"When it comes to illegal firearms possession and use, if they don’t go away they’re not going to learn anything. Some people need a prison ministry … and I think these young fellas do," Flynn said to the largely white audience.
Flynn sharply criticized Wisconsin’s 2011 concealed carry legislation. He said elected officials missed an opportunity to strengthen the penalty for possessing a firearm illegally. Currently, the infraction carries a misdemeanor charge regardless of the number of violations. The MPD chief said he’d like to see that penalty increased to a felony charge.
"If you’re a young criminal and the choice is [to] not carry a gun and maybe get shot … or carry a gun and get tried for a misdemeanor, what are you rationally going to decide to do? You’re going to carry the gun. It’s more dangerous to get caught without it," he said.
He also noted that, under the law, only felons are not allowed to acquire a concealed carry permit. Flynn, who has previously served as chief of police in two states with concealed carry laws, said he has nothing against the legislation but takes issue with the current law. The way it is written, a subset of "career criminals," who have been convicted of three or more misdemeanors over the course of five years but are not convicted felons, could still be eligible to legally carry a firearm.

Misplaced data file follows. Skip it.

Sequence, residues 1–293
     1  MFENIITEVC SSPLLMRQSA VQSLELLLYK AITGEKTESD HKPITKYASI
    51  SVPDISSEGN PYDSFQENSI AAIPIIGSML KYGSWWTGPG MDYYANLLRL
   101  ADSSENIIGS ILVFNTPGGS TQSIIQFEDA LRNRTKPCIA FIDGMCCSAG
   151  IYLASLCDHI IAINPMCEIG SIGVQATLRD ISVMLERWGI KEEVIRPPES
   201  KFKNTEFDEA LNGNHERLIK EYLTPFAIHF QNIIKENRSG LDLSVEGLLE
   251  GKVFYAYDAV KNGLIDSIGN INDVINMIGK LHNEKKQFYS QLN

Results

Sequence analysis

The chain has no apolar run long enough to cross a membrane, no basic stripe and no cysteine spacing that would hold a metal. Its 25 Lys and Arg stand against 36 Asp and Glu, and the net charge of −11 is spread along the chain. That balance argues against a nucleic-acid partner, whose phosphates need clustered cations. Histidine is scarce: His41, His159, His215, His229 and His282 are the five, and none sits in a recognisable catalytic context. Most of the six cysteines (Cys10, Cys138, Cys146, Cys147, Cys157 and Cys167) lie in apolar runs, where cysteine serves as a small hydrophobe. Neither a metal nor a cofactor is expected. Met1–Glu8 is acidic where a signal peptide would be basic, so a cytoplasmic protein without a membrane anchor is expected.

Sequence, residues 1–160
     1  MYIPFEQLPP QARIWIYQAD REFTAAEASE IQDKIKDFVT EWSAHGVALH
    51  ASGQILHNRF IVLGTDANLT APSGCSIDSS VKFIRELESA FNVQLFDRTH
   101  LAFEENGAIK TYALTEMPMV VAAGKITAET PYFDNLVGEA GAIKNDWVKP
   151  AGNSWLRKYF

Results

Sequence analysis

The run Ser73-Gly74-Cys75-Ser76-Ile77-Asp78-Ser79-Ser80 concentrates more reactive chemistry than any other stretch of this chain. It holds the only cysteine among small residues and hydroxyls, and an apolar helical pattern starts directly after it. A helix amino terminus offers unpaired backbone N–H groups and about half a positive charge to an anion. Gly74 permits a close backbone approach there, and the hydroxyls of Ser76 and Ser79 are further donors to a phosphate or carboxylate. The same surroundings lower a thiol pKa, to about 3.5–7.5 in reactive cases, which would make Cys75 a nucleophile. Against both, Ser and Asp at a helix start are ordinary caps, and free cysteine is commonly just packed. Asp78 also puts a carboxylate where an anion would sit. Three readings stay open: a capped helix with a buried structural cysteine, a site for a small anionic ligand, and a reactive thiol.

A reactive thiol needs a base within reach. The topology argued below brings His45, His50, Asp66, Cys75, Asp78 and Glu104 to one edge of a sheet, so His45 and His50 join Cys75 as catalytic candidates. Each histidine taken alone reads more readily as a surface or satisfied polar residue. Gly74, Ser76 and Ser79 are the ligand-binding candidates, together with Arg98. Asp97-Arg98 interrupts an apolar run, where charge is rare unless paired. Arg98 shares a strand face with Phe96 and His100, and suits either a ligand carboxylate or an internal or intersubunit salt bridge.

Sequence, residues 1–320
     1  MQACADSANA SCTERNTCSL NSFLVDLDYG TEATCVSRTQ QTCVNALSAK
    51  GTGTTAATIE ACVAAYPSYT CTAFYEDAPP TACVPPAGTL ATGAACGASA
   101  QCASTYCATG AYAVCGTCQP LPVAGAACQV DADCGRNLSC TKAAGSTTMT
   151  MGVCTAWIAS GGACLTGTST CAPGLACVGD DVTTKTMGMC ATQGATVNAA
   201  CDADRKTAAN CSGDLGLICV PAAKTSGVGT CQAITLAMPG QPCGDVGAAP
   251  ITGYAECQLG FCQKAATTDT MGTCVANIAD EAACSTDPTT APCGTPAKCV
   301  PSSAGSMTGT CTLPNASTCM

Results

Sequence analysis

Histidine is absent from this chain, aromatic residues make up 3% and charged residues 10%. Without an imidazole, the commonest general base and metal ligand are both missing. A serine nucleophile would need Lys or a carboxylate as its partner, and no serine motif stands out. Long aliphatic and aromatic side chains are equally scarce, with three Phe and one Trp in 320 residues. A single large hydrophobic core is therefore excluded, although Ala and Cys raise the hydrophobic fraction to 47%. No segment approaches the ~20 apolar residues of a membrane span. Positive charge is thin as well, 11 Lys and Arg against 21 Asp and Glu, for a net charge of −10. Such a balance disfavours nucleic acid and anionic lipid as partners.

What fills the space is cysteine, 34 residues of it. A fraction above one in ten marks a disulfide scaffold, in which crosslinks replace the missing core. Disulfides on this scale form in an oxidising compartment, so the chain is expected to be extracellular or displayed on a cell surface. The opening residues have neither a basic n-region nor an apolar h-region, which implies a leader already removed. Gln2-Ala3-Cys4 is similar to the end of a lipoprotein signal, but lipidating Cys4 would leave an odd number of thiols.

"I don’t think, for a minute, when the founders came up with the Second Amendment, they had the intention of arming pirates, brigands or highwaymen," he said, referring to the right to bear arms.
Flynn also said the police department, which makes 12,000 to 15,000 felony arrests every year and has seized 1,600 guns already this year, could use more help when it comes to prosecuting individuals.
"Getting the guns and making the arrest isn’t my problem," he said. "My problem is getting them charged and getting them prosecuted."
But, in spite of the 110 homicides Milwaukee has seen so far this year, Flynn said most people shouldn’t worry about being unsafe.
"We have our version of Chicago’s Englewood," he said. "It’s dangerous there and it’s very dangerous for those young men who live there and even more dangerous for those who are part of the subculture of crime. And, there are vast areas of Milwaukee in which nothing happens."
He noted that Milwaukee, which has been consistently listed in recent years as one of the most segregated cities in America, is seeing an increasing amount of investment Downtown.
"It’s dangerous to be a young black man living in a neighborhood characterized by inter-generational poverty," said Flynn. "I think people are getting a better general sense of what the real Milwaukee is. But, yeah, we’ve got a moral obligation to deal with the extraordinary levels of violence that are plaguing those kinds of neighborhoods in every big city in America."
After graduation, Jabril returned to Milwaukee, falling back in love with the city he grew up in. While becoming involved in a growing arts and culture movement in the city, he was drawn back towards writing as a vessel for his own personal satisfaction and self-expression. Jabril has created two journalistic storytelling projects focused on his hometown - documenting the city's street festivals and telling the personal stories of regular people.